Generally when your a photography student at University who knows a few drama students, you tend to get asked to do a lot of head-shots for them. I first started doing them when I was in my first year when I didn’t know too much about lighting and didn’t really understand how important head-shots for actors are. Over the last 2 and a bit years, I’ve never turned down a single person when they’ve asked me to do them and I think because of this, I’ve gained a great deal of experience and made a few friends.
Recently, I’ve realised that a career in photography is my only option. It would be difficult for me to do anything else when I have experienced a life as a working photographer. Therefore, my aim in life is to not be wildly adventurous and dream big, but to be realistic and know that if I can survive by making a basic living from my photography, then I will be the happiest snapper out there. Because of this realisation, at the start of my third year I set a price list and started charging for my work. I want to put value to what I’m doing and for people to know that photography is my job, not just something to do with my spare time. It’s nervous to set pricing and expect people to pay, but I already had a small portfolio of head-shots gathered. Last year after doing some for a production called 4.48 Psychosis, the director Adam Morely has been encouraging students to hire me and take my shots to their London showcases. I am now hired at an average of 3 times a week at my hourly rate.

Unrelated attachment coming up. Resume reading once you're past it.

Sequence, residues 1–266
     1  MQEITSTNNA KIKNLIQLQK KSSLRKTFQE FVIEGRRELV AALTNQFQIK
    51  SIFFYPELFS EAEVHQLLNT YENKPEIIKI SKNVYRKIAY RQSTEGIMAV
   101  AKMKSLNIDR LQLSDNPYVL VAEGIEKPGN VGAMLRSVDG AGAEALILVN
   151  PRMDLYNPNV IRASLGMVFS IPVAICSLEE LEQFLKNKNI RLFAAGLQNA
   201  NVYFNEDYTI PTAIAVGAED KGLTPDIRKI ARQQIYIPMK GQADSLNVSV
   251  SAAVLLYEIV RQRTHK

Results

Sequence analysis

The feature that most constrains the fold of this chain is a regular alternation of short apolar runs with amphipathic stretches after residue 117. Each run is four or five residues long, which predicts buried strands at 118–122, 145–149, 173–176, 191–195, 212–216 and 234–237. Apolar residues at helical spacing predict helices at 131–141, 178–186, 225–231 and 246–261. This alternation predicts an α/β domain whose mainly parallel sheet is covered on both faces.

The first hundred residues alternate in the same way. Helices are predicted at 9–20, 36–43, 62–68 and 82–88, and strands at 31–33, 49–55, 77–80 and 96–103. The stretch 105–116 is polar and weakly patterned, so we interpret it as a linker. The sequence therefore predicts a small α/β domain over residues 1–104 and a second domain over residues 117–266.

I’ve found after shooting so many potential actors that casting directors will hire someone solely on their headshot. If they look too happy for a serious role they will just skip past their picture. It’s my job to make sure that these people get the most variety of expressions and outfit changes as possible so that they can use them for different roles.
With charging people I felt like I needed to improve the quality of images, so I taught myself how to do professional retouching on Photoshop. This was done through a mixture of trial and error, photoshop lessons and online tutorials. I am now fluent in several methods of retouching including Frequency Separation, byRo and Touch Up techniques. I’ve became confident in the studio as I work in there every week trying new lighting techniques in my spare time or just trying something new when I have a job.The next thing I would like to learn is how to use Lightroom and to light groups of people evenly and hope to do that in the next few months.
Here’s some of the head-shots I’ve taken recently: